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While the government and some banks have announced mortgage moratoriums, they have not insisted that rent relief be passed on to tenants. Many renters don’t know what they will do come April 1, let alone May 1.
Millions of workers in the United States live paycheck to paycheck. According to the Joint Center for Housing Studies at Harvard University, 18.2 million U.S. families pay more than 50 percent of their income on housing. To make matters worse, a Federal Reserve survey found that 40 percent of adults in the United States cannot cover an unexpected $400 expense. In other words, for almost half of U.S. adults, one missed paycheck could spell eviction or mortgage arrears.
With no government assistance on the immediate horizon and rent due, the most vulnerable renters simply do not have the luxury of waiting to see what relief may come in weeks ahead.
We are now in the worst economic collapse since the Great Depression. Just last week, at least 3.28 million people filed unemployment claims. The federal government’s emergency bill will give most Americans a one-time payout that for many will be less than a single month’s rent. How will banks and landlords respond, in turn? And how will renters themselves respond when they find themselves, as many will, unable to make rent?
One possibility is a massive general rent strike. Historically, rent strikes have been used as a collective bargaining device to force predatory landlords and slumlords to respond to tenant demands. These could be anything from fixing an elevator to dropping a planned rent hike. Rent in this case is withheld until the issue is resolved. Often the rent money is set aside in an escrow account, to make it clear it will be paid as soon as safe, fair living conditions are restored.
Because rent strikes are ordinarily used in cases where the landlord obviously has the power to resolve the issue, a rent strike in response to the COVID-19 pandemic may not seem like an obvious solution. However, it is worth considering that while the U.S. government and some banks have announced mortgage moratoriums that will benefit many landlords, they have not insisted that rent relief or cancellation be passed on to the tenants of these landlords. And although some landlords have worked with their tenants over the last week to cancel or reduce April rent payments, many tenants will be expected to pay their rent in full.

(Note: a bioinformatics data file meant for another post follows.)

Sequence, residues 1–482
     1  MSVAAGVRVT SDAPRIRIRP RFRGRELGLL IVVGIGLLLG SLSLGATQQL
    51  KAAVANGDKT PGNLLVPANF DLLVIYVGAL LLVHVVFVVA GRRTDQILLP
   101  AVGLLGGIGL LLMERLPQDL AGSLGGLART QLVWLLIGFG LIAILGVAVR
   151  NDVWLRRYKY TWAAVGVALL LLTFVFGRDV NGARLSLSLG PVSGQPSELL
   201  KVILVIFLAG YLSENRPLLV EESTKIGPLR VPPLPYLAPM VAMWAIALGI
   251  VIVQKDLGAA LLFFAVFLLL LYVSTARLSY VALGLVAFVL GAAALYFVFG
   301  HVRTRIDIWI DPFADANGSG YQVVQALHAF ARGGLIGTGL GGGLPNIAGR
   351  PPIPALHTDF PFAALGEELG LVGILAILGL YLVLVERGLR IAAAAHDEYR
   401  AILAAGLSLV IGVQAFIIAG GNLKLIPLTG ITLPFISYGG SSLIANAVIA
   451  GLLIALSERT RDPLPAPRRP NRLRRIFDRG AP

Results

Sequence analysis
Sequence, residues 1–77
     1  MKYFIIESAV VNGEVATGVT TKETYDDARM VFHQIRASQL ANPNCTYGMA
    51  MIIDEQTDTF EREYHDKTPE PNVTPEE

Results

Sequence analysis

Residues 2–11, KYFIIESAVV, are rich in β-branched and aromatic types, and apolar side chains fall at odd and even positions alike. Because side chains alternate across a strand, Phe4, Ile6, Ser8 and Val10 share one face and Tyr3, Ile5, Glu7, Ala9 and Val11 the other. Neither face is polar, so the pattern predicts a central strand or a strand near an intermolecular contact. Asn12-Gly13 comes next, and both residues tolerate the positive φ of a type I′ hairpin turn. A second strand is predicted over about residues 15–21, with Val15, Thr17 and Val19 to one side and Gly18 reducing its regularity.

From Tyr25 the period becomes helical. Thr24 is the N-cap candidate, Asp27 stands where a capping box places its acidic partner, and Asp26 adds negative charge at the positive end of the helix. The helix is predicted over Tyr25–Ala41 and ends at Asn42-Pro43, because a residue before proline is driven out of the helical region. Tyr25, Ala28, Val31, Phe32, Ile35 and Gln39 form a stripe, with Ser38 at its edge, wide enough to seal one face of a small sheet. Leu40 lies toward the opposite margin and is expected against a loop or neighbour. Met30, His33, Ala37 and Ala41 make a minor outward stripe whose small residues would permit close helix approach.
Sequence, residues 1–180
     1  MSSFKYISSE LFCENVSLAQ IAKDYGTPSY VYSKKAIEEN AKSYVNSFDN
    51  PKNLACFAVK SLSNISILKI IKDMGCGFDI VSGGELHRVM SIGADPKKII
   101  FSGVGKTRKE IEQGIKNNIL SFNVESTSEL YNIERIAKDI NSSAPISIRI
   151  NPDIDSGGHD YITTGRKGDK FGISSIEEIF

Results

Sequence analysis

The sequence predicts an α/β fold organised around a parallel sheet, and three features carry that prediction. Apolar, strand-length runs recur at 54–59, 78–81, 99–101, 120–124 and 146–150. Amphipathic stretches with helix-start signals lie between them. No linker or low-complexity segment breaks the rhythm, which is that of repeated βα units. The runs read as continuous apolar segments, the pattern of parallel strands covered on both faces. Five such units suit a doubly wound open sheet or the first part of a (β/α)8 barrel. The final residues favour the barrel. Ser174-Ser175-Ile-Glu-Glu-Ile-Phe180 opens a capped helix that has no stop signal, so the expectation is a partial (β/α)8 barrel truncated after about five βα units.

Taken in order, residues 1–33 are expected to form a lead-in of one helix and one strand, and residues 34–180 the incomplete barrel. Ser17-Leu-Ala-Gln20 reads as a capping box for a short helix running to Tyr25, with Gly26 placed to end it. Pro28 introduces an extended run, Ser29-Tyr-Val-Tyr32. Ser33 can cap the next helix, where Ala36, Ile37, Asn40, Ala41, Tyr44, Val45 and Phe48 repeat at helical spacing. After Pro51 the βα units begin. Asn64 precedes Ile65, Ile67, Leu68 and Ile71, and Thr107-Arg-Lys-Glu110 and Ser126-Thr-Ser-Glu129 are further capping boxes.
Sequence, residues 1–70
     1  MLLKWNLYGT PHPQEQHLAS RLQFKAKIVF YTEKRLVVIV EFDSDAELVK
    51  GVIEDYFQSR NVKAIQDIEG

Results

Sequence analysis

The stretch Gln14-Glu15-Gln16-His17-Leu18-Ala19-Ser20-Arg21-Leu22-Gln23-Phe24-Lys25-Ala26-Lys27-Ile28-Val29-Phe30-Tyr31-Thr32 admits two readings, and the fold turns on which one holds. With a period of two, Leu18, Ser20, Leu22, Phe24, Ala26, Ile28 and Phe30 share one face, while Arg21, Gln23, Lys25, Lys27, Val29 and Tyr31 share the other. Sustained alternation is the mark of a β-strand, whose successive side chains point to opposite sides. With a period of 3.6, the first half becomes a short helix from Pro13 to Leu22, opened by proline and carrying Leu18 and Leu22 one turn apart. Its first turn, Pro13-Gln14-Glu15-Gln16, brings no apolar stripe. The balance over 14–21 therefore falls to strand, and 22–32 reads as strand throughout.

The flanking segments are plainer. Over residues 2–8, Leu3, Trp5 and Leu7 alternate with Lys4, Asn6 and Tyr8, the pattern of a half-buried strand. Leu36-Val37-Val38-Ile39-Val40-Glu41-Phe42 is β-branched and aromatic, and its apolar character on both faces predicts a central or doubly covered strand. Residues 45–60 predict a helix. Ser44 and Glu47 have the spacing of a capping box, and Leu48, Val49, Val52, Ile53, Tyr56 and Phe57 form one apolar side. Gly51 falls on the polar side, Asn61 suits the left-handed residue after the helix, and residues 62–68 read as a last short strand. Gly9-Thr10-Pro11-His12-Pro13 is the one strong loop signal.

A number of elected officials and candidates, including Bernie Sanders, Joe Biden, and Ilhan Omar, have called for the federal government to intervene and cancel several months’ rent. Last week in New York, state senator Michael Gianaris, with the support of twenty-one other senators, introduced Senate Bill S8125A, which would suspend rent in the state for three months. But on the whole, the government’s response has so far followed a familiar pattern of prioritizing the needs of property owners over those of renters.
A number of corporations have already declared their own rent strike: Adidas, H&M, Mattress Firm, The Cheesecake Factory, and Subway have announced that they will not be paying their April rent, and more companies will surely follow suit. A few have claimed they are within their legal right, under the “force majeure” clause that excuses an entity from their contract because of an unforeseeable calamity. Sadly, in the United States corporations often have more flexibility in escaping their debt than do private citizens, but it is not unreasonable to ask whether force majeure reasoning should not apply equally to residential renters.